Cross-Section Classification and Plastic Analysis in SHAPE-THIN
The cross‑section properties software SHAPE‑THIN determines effective section properties of thin‑walled cross‑sections according to Eurocode 3 and Eurocode 9. Alternatively, the program allows for plastic design of general cross‑sections according to Simplex Method. In this process, plastic cross‑section reserves are iteratively calculated for elastically determined internal forces.
The following example describes the effective cross‑section properties in the notching area of a rolled I‑section. Afterwards, the results are compared with the plastic analysis.
The cross‑section is created using the cross‑section library. When setting the rolled section IPE 200, the ‘Reduce section into individual elements’ option is activated. The material of the section is structural steel S 235.
The notch can be generated by dividing the web element at a distance of 30 mm. Then, you can remove the overlapping elements and fillets.
In our example, a quite large compression force with small bending moments is specified.
Constellations of internal forces can be analysed using diverse load cases, x‑locations, or member numbers. In addition, SHAPE‑THIN provides the option to import the internal forces from RFEM or RSTAB.
After the calculation, Cross‑Section Class 1 is assigned to the flanges. The web belongs to Cross‑Section Class 3.
In order for the web to reach the yield strength for an elastic stress distribution, the plastic moment resistance cannot develop due to local buckling. However, the local buckling does not occur before reaching the yield strength.
As you can see in the stresses graphic, the bending moment My reduces the compressive stresses at the free edge of the web. For further design, this moment is set to zero. The modified constellation of internal forces can be assigned to a new member, for example.
As a result, the web is now assigned to Cross‑Section Class 4. The effective width of the cross‑sectional part is only 62% of the member length.
The stresses can be displayed both on the full cross‑section (on top left in the figure) and on the reduced cross‑section (right).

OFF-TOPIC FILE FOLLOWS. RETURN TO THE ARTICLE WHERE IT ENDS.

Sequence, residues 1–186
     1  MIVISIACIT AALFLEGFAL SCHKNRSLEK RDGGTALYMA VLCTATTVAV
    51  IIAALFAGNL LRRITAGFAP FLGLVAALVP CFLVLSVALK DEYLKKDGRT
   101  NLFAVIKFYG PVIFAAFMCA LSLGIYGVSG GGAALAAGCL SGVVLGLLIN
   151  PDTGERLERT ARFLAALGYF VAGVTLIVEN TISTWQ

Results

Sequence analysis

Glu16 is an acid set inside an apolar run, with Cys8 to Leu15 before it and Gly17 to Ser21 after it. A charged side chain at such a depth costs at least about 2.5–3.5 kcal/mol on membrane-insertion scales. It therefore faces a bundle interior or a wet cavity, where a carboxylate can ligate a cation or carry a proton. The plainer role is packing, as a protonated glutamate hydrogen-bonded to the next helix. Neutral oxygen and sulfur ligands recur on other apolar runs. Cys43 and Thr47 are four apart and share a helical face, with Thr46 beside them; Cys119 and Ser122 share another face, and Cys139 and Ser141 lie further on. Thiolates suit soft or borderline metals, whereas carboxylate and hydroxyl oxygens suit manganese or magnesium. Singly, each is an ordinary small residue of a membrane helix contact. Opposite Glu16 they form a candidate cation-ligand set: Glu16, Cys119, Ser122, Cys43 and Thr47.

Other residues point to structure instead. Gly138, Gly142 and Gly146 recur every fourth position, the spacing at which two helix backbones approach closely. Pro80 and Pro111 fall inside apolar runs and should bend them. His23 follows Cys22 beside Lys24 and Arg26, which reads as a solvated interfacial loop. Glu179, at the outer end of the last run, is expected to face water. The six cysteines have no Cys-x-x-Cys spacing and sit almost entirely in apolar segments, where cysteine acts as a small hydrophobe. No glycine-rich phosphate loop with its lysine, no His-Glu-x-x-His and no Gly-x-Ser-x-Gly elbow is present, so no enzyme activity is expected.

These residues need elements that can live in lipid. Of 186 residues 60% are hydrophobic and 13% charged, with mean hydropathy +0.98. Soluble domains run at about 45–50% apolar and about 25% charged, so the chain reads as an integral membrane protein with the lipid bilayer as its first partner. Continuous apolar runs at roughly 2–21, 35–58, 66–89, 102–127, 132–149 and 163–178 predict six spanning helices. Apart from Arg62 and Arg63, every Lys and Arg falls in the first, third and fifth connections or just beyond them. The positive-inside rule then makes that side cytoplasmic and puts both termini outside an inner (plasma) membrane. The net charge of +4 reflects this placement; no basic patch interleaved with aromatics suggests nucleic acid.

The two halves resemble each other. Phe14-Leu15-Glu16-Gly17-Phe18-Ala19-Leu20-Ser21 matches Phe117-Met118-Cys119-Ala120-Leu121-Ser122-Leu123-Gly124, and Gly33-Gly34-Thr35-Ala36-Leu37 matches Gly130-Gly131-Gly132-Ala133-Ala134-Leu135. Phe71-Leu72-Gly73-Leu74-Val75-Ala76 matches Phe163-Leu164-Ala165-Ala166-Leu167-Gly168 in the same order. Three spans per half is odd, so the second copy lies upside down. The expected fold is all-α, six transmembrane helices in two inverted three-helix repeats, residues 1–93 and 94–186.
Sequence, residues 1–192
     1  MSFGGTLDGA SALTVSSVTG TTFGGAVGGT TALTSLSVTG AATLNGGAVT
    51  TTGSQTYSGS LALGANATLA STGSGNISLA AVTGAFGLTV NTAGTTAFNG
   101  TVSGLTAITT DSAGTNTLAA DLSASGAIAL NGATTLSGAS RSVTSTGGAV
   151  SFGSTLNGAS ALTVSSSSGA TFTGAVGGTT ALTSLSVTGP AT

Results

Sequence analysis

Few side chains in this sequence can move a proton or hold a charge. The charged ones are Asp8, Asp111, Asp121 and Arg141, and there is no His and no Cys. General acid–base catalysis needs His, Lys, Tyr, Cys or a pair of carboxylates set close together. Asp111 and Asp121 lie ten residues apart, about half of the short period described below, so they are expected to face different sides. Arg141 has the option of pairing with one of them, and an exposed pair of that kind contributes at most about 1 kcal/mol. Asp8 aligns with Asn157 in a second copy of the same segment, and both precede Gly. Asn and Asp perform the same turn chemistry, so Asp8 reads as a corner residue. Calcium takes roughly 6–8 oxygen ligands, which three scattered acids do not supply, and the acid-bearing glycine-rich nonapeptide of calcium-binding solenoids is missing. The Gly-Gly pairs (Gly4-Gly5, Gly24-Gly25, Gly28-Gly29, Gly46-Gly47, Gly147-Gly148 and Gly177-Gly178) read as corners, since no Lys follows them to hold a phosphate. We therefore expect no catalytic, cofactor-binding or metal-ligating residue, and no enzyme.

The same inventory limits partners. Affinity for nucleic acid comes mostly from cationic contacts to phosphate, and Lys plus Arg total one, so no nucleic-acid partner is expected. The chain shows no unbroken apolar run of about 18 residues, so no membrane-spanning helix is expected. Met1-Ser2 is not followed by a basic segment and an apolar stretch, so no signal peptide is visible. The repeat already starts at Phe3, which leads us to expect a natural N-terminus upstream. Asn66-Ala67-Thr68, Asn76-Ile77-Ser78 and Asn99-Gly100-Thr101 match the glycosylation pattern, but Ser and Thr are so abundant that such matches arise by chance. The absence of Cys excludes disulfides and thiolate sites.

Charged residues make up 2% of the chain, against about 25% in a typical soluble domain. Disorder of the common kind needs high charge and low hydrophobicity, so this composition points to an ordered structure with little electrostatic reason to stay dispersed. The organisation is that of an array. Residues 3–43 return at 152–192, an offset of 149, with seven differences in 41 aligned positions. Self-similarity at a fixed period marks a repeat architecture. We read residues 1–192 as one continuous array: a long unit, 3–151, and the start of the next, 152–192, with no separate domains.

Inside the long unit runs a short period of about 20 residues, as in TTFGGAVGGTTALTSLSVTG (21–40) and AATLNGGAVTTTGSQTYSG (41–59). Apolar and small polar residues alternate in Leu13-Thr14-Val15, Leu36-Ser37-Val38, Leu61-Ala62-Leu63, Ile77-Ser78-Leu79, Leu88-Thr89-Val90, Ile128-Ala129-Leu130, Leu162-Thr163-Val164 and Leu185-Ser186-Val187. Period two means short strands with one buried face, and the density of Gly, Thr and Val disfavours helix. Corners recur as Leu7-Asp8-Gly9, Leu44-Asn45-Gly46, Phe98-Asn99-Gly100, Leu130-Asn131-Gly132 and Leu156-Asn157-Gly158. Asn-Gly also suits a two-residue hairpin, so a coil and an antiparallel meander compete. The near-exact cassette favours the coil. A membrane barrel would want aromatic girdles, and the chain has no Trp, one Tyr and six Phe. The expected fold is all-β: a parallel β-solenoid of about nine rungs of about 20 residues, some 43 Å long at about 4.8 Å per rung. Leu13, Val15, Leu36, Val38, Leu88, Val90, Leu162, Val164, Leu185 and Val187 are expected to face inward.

In SHAPE-THIN, it is also possible to perform the plastic analysis for both constellations of internal forces. For this, it is necessary to select the ‘Plastic capacity design’ option in the General Data dialog box. In this design, the enlargement factor αplast is determined as the maximum of a linear optimisation task in order to reach the plastic cross‑section resistance, taking into account the interaction conditions (‘Revised Simplex Algorithm’).
The simplex calculation gives the result of plastic reserves of 541% and 862% for both member internal forces.
It is apparent that the cross‑section resistance is far higher in the case of compression (Member 2) than in the case of the combined effects, although only a part of the web is effective according to Eurocode 3. However, in this analysis, the different approaches of the two methods must not be mixed; according to Eurocode 3, it is disputable whether a cross‑section part is prone to buckling. This is the case of the Class 4 cross‑sections. Then it is necessary to analyse whether the remaining effective cross‑section is able to absorb the internal forces. On the other hand, Simplex Method performs a plastic calculation of stresses, which is not affected by the c/t ratios of the cross‑section parts. Therefore, there is no analysis of local buckling, but only a plastic stress analysis.
SHAPE-THIN performs classification of thin‑walled cross‑sections according to EC 3 and EC 9 by determining effective widths as well as effective cross‑section properties. Stresses can be checked accordingly with regard to a reduced cross‑section. In contrast, the plastic analysis according to Simplex Method does not consider any local buckling effects. This may lead to more favourable design ratios. However, these are not achieved in the cross‑section because of stability failure.
Do you have any questions or need advice?
Contact us or find various suggested solutions and useful tips on our FAQ page.
Figure 01 - Setting Section from Library
Figure 02 - Axial Force and Bending Moments
Figure 03 - SHAPE-THIN Table '6.2 Classification of the Cross-Section According to EN 1993-1' and Stress Diagram
Figure 04 - Internal Forces of Member No. 2: Axial Force Without Moment My
Figure 05 - Stresses on Full and Reduced Cross-Section (Class 4)
Figure 06 - Von Mises Yield Criterion (Simplex Method)
Figure 07 - SHAPE-THIN Table '8.1 Plasticity' and Plastic Equivalent Stresses for Member No. 2 (Class 4)
Cross-Section Properties Software
Section properties, stress analysis, and plastic design of open and closed thin-walled cross-sections